So fast did word spread of the servant of God that, much as he wished to persist in his holy work without distraction, he was under the necessity of welcoming many of the faithful who came to receive his blessing. Gentle, easy to speak to, attentive to all alike, young and old, rich and poor, he would have no one leave him except filled with spiritual joy. But becoming aware that such involvement was harmful to his soul, and having by then sufficient skill in the ascetic art, he decided to make his abode on top of the pillar, protected from the weather by a small, rough, wooden roof. Since there was not room enough on the pillar to lie down or to sit, Alypios was always on his feet, like a living column, year in year out exposed to the elements, struggling against heat and cold, wind and rain. Whereas the sufferings of the Martyrs lasted for a little while, Saint Alypios offered himself to this daily martyrdom for fifty-three years, doing violence to nature each day in order to gain everlasting life. (This is why Saint Alypios is known as the "Kionite", since a kion in Greek means "column" or "pillar".)

He was ferociously attacked by demons jealous of his progress. When they began hurling stones at him, he asked his mother, who lived at the foot of the pillar, for an axe, intending to show them that soldiers of Christ rate their attacks no more than juvenile insults. Throwing the roof that sheltered him to the ground, he faced without protection the hail of stones, prepared to die like Stephen the first Martyr, if that were the will of God. Alarmed by his boldness and unshakeable faith in God, the demons took flight from the place, bewailing their discomfiture.

Set in the sight of all like a lamp on its stand, the Saint gave light to all by his virtues (Matt. 5:14-16). He had overcome self-love and self conceit and offered himself like the Apostles as a spectacle to the world, to angels and to men for love of Christ (1 Cor. 4:9). Crowds of people made haste to the pillar, asking for the Stylite’s intercession. The first of these was Euphemia, who was soon joined by another women Eubula, who became abbess of the convent, which was established at one side of the pillar. Some time later, Alypios founded a monastery on the other side of the pillar for the men who wanted to stay by him. It was wonderful to hear the choir of virgins and that of the monks chanting the praises of God responsively seven times a day, and to behold the Saint, that earthly angel and heavenly man standing between the two, joining his voice to theirs and raising his hands to the Triune God in intercession for the salvation of the world.

The Saint received the gift of prophecy; he healed the sick, reconciled enemies, gave instruction in the mysteries of divine wisdom, either directly or in letters; he became all things to all men that he might by all means save some for Christ (1 Cor. 9:22). One day, having thrown down his tunic to a poor man in need, he remained shivering on the pillar until a recluse of the men’s monastery saw his state and came to his assistance.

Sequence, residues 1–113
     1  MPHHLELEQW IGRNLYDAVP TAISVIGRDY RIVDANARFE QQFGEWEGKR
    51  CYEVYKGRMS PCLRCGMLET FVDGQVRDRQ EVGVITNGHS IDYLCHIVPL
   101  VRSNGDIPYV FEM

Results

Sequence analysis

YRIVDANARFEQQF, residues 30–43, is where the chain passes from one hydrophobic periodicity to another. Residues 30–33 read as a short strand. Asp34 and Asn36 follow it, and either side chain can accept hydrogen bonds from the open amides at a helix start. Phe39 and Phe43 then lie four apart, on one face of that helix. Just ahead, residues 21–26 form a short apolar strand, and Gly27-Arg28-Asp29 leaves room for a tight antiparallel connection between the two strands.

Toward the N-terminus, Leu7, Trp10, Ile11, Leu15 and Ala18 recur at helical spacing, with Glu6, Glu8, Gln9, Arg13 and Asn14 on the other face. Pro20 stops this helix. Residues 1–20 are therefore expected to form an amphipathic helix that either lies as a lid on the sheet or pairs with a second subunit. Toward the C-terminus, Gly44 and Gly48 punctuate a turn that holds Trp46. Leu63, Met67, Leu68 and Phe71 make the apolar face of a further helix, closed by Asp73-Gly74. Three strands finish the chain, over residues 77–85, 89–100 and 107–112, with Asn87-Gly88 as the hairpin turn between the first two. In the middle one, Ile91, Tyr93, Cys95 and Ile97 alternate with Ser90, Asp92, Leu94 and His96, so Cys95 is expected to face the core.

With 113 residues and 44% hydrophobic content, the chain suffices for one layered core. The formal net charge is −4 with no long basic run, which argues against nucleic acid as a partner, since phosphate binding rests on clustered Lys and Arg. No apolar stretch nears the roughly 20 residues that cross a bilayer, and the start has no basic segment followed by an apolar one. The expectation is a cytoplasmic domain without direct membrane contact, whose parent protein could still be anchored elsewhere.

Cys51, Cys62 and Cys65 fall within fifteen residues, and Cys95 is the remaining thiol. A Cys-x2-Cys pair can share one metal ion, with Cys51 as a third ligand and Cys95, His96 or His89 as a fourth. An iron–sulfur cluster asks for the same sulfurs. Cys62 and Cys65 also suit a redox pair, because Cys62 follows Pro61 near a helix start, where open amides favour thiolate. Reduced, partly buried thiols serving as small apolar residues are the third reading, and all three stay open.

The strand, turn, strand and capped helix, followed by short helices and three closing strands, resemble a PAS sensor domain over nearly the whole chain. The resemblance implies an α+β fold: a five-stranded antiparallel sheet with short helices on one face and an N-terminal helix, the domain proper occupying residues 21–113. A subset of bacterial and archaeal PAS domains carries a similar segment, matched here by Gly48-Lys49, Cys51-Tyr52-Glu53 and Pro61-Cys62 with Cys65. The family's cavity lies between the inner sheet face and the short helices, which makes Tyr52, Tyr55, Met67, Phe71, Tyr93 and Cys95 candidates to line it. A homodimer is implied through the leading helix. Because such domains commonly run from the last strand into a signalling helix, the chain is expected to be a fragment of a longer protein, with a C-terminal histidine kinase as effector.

After fifty-three years of such ascetic contest, paralysis seized half his body, and his feet gave out. He could now only lie on one side, all but immobile, for the remaining fourteen years of his earthly life. Afflicted at the same time with a painful ulcer, he blessed the name of the Lord like righteous Job (Job 1:21). When he gave up his soul to God at last, aged ninety-nine, the people hastened to venerate his body and a possessed man was healed in its presence. St. Alypios reposed in the year 640, at age 118. The body of the venerable stylite was buried in the church he founded in honor of the holy Martyr Euphemia. His head is preserved in the Monastery of Koutloumousiou on Mount Athos. The feast day of Saint Alypios is celebrated on November 26.

Apolytikion in the First Tone
Thou becamest a pillar of patience and didst emulate the Forefathers, O righteous one: Job in his sufferings, Joseph in temptations, and the life of the bodiless while in the body, O Alypios, our righteous Father, intercede with Christ God that our souls be saved.

Kontakion in the Plagal of the Fourth Tone
Today the Church doth glorify and hymn thee, O Alypios, as a foundation of virtues and comeliness of the ascetics and the monks. By thy prayers, as the namesake of true freedom from sorrow, free from their grievous sins all them that praise and honour thy struggles and deeds of excellence.

Portions of the preceding text are from “The Synaxarion: The Lives of the Saints of the Orthodox Church” by Hieromonk Makarios of Simonos Petra, and translated from the French by Christopher Hookway.